The August loan market activity brings year-to-date volume to $419 billion, well ahead of the $252 billion posted at this time in 2012 and nearing the $464 billion recorded during all of last year. The full-year record is $535 billion in 2007.

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Amid Record Cash Inflows, Leveraged Loan Volume Keeps On

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U.S. leveraged loan volume for the week ended July 25 totaled $10.3 billion, in line with the past two weeks, after a new-issue lull brought about by the July 4 holiday and capital markets turmoil related to the Fed announcement on tapering. Year to date loan volume totals $384 billion, well ahead of the $224 billion logged at this point in 2012, according to S&P Capital IQ/LCD.

The new-issue market is maintaining momentum, especially for credits that hit the investor sweet spot (and perhaps benefit from a strong private equity sponsor). For instance: The massive success over the past week of a UBS UBS-led arranger group’s LBO deal for Gardner Denver was an elegant illustration that the financing window is wide open right now – for the right deal,” says LCD’s Chris Donnelly. Indeed, Kohlberg Kravis Roberts, which is acquiring the machinery concern in a $3.9 billion deal, was able to twice cut the proposed interest rate on the leveraged loan backing the transaction because of investor demand (they also added $100 million to the credit, bringing it to $1.9 billion).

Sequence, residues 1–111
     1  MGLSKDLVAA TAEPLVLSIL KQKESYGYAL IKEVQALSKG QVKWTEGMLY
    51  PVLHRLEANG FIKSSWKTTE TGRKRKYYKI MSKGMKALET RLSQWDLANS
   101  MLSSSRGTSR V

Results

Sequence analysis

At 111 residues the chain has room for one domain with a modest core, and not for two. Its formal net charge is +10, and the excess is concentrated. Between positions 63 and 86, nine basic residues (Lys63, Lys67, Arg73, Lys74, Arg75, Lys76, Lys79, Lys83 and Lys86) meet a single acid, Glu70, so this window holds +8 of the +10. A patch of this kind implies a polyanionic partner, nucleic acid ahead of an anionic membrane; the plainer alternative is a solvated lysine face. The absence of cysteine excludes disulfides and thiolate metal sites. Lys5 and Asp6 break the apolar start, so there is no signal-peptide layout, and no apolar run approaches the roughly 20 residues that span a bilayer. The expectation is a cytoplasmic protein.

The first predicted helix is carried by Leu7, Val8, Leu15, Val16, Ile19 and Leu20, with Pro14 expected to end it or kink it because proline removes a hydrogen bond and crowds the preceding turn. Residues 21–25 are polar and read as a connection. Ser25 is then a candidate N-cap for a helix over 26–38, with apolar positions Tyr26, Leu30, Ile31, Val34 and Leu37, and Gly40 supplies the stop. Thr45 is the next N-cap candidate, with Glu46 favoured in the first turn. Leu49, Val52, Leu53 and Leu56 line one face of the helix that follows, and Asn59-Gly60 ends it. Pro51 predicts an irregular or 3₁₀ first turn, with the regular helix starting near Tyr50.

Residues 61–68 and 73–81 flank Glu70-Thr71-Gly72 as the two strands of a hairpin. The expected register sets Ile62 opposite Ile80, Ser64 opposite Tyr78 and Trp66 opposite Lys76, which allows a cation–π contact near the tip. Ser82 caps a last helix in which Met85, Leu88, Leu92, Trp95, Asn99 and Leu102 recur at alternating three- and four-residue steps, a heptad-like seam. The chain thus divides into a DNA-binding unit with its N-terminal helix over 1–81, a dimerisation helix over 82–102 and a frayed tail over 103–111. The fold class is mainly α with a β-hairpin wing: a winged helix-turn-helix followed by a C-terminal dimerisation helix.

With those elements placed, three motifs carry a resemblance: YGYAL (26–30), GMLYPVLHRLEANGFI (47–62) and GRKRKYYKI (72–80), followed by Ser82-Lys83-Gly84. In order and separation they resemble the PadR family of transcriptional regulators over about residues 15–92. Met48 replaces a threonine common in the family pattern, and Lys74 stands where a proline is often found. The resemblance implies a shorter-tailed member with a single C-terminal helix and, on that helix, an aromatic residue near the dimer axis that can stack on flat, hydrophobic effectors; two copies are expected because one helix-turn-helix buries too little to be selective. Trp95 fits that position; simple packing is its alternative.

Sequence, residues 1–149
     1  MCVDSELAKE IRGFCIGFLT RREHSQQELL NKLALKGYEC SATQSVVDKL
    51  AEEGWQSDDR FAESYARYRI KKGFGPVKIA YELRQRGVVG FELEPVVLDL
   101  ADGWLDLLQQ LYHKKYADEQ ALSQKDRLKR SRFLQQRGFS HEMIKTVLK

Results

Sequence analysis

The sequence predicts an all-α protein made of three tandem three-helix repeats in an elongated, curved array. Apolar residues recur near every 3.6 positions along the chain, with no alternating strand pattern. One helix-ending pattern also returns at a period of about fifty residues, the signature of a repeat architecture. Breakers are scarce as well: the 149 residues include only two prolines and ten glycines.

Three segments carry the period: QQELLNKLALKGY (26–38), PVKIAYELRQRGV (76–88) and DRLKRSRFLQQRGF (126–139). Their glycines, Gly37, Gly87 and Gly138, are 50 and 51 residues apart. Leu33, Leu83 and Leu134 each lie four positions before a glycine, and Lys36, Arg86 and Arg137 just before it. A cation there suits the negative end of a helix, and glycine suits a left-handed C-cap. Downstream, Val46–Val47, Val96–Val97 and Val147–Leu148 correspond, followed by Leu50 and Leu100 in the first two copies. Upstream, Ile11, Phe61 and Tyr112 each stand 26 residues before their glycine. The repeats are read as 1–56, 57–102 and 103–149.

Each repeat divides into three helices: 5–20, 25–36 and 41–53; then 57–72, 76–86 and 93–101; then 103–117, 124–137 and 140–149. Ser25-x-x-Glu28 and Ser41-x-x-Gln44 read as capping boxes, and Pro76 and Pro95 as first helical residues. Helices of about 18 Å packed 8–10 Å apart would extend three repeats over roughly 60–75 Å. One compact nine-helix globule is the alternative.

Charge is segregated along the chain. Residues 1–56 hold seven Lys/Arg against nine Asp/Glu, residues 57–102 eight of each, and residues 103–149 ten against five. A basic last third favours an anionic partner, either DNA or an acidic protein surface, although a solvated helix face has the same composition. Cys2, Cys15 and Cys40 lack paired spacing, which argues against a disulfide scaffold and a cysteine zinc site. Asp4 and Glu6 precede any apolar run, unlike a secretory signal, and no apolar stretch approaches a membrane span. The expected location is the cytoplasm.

One reason for the generally accommodating new-issue environment: Institutional investors continue to pour money into market. For the second time in two weeks U.S. loan mutual funds saw a record amount of investor cash, some $1.85 billion this week, which was preceded by $1.71 billion the prior week. Year to date, U.S. loan mutual funds have seen net inflows of $39.5 billion, according to Lipper FMI.

Deals like Gardner Denver and massive cash inflows are not making every credit brought to market a slam dunk, however. A number of issues saw investor-friendly revisions, reports Donnelly, indicating that, while institutional investors are hungry for paper, deals do have to check some of the boxes to be completed.